drafts that helped the Packers win nine division championships,
three conference titles and Super Bowls in 1996 and 2010.
"I didn't know a lot about him other than his reputation,"
Hunt said. "I can't tell you how excited he was. He said, 'This
is the opportunity I've been waiting for.'"
City Chiefs general manager John Dorsey, left, poses with new
head coach Andy Reid during an NFL football news conference
announcing Dorsey's hiring Monday, Jan. 14, 2013, in Kansas
Dorsey takes over a team that was 2-14 last season, the worst
finish in franchise history and tied for the worst record in the
NFL. There are problems at quarterback, holes up and down the
roster and several top players about to become free agents.
But he also inherits a franchise that will have the No. 1
pick for the first time, and that has plenty of salary cap space
to begin plugging all those holes.
"We would like to be consistently competitive in this
division, this conference and ultimately the Super Bowl. That's
why we're here, to do the job," Dorsey said. "I'm going to do
everything within my God-given ability to make sure we have a
competitive team in the NFL."
Dorsey will have final say over all personnel matters, but
he'll likely get plenty of input from new coach Andy Reid, whom
he worked with in Green Bay during the 1990s.
The former Eagles coach was introduced as Romeo Crennel's
replacement a week ago.
"I'm happy to work with John again," Reid said. "I've known
John for a long time, and I have a lot of respect for him. He's
a talented individual with a strong work ethic."
He's also a "people person," Hunt said, someone who can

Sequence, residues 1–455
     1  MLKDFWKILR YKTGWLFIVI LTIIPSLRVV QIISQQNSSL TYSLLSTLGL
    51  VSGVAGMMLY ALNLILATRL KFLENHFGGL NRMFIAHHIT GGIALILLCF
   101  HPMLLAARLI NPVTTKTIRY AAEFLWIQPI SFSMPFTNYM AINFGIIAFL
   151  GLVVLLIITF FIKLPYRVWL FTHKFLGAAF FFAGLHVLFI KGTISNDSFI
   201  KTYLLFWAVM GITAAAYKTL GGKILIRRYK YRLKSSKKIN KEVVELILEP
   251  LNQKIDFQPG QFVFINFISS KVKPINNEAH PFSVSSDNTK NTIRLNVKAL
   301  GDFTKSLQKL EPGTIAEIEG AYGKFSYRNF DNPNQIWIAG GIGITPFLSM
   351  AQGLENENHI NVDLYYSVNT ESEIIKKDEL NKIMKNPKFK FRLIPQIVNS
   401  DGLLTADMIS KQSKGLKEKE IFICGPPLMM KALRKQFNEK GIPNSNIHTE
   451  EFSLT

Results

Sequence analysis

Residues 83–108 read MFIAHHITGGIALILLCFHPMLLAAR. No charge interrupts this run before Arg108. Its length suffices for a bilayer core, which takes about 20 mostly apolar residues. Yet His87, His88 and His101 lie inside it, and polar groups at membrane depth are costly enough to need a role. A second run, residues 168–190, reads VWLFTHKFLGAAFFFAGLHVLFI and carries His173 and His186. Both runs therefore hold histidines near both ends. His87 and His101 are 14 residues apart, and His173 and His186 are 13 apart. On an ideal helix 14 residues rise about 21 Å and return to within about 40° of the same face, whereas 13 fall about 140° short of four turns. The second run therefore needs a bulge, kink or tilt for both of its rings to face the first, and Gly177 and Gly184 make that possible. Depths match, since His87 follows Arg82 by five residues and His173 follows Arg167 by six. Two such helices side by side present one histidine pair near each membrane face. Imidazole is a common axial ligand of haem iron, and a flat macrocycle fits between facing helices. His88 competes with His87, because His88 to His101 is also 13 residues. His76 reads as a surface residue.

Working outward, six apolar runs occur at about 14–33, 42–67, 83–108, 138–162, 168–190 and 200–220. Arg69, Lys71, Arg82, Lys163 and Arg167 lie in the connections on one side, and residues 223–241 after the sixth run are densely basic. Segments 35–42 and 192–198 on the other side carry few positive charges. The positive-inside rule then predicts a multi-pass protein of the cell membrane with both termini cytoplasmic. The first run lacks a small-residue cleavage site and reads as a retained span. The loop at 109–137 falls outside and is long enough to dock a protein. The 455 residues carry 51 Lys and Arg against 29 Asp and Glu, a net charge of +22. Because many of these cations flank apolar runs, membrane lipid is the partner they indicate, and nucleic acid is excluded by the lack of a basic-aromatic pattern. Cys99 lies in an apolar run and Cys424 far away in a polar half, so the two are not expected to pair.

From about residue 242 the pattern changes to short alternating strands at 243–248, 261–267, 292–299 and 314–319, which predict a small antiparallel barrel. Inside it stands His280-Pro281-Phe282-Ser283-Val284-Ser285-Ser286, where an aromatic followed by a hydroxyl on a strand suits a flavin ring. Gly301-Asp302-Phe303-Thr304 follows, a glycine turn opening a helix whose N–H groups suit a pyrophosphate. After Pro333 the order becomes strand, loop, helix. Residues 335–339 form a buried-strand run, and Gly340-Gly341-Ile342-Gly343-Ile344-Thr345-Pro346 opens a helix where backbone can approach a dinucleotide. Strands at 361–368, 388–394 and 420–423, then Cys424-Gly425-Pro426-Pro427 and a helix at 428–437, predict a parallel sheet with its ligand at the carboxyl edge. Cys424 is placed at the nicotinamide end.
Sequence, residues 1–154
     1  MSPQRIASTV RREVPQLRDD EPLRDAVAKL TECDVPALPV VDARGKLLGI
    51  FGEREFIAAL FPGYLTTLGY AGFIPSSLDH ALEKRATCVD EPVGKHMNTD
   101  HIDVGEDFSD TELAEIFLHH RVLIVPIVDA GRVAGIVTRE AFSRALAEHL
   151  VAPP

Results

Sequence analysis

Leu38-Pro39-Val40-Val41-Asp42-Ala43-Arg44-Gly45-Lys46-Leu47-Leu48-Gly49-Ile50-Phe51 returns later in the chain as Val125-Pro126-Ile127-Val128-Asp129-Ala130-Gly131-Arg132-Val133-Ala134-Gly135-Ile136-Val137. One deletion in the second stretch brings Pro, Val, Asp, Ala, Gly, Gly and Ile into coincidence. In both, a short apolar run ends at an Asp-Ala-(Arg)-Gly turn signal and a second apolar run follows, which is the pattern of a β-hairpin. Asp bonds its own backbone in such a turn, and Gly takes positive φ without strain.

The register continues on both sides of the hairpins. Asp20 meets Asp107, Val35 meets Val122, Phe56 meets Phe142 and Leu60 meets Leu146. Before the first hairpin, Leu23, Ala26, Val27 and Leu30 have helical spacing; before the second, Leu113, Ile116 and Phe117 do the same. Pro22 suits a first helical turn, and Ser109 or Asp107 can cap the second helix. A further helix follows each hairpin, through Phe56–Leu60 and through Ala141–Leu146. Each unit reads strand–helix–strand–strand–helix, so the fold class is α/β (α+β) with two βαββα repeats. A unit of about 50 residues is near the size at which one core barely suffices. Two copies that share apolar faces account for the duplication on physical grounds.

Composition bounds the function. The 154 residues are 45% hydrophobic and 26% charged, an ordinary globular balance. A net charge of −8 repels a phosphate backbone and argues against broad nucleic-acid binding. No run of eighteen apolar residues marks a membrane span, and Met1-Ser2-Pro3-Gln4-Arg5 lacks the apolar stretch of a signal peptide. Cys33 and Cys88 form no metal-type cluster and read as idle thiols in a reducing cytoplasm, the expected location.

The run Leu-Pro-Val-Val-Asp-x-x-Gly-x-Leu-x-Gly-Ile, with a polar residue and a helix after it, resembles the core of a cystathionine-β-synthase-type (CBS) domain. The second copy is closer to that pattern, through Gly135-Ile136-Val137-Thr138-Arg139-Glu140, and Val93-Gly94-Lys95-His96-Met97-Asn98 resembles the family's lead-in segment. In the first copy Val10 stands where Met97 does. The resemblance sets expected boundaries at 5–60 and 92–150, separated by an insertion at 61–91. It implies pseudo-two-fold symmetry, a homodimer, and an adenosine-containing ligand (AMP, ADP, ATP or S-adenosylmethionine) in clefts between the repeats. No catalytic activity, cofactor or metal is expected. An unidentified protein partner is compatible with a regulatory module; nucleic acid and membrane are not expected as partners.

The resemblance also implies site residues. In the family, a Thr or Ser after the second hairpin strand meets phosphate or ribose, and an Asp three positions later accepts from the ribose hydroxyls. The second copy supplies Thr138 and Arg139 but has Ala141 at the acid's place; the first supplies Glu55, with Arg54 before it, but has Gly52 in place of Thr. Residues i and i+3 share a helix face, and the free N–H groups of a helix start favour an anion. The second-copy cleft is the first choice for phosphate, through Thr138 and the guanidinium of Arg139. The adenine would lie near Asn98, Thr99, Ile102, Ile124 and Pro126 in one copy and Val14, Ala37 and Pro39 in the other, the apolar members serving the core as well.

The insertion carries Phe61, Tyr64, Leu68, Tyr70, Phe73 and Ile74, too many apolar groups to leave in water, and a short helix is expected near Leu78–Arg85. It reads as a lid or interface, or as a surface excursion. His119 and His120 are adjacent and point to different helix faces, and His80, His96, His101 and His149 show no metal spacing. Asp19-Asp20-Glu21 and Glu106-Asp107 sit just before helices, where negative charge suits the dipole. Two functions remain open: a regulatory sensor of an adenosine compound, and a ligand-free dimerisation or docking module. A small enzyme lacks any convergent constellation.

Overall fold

City Chiefs general manager John Dorsey, left, poses with
Chiefs' chairman Clark Hunt during an NFL football news
conference Monday, Jan. 14, 2013, in Kansas City, Mo.
Hunt interviewed Dorsey for about six hours last Tuesday. The
discussions continued for several days before Dorsey, who had
bypassed other GM overtures in the past, finally decided to move
into the hot seat in Kansas City.
"In his interview, although it went on for a while, he showed
a high degree of enthusiasm the whole way," Hunt said, "which
showed to me that Kansas City was a priority for him."
Dorsey said he spent an hour with the personnel staff Monday,
and that his next order of business is to evaluate the current
roster. He wants to meet with the coaching staff to discuss
their philosophy, and then outline a plan for free agency and
begin meeting about the draft.
The draft, of course, is where Dorsey burnished his
He began his career as a college scout in Green Bay, and
later rose to director of college scouting. During his years
with the Packers, Dorsey helped to scout and draft quarterback
Aaron Rodgers, defensive tackle B.J. Raji, linebackers Clay
Matthews and A.J. Hawk, and wide receivers Jordy Nelson, Greg
Jennings and Randall Cobb.
"John has been a loyal member of the Packers family and the
Green Bay community for more than half of his life," Packers GM
Ted Thompson said in a statement. "The Chiefs have hired a good
man, and John has earned this opportunity."
Dorsey didn't get into details about what the next few months
will hold for the Chiefs, though there are several personnel
decisions that must be made soon.
Wide receiver Dwayne Bowe and left tackle Branden Albert are
among several key players who can become free agents, and could
potentially be franchised. Other players will also be available
on the free-agent market, though Dorsey warned about the flaws
of building a team in that way.
"I like to be selective in free agency," he said. "I always
believe you can still get value within that philosophy, and you
can still acquire players."
The Chiefs are also in desperate need of an upgrade at
quarterback, where Matt Cassel was benched last season and Brady
Quinn fared little better.
Kansas City has only drafted one quarterback in the past six
seasons Ricky Stanzi in the fifth round. The Chiefs also
haven't picked a quarterback higher than the third round since
1992, and in the first round since choosing Todd Blackledge in
"Any time when you begin to build a franchise, let's be real,
the quarterback is a very important part," Dorsey said. "As you
note the last couple weeks in the playoffs, the quarterback
position is a very important position to the long-term success
of the organization."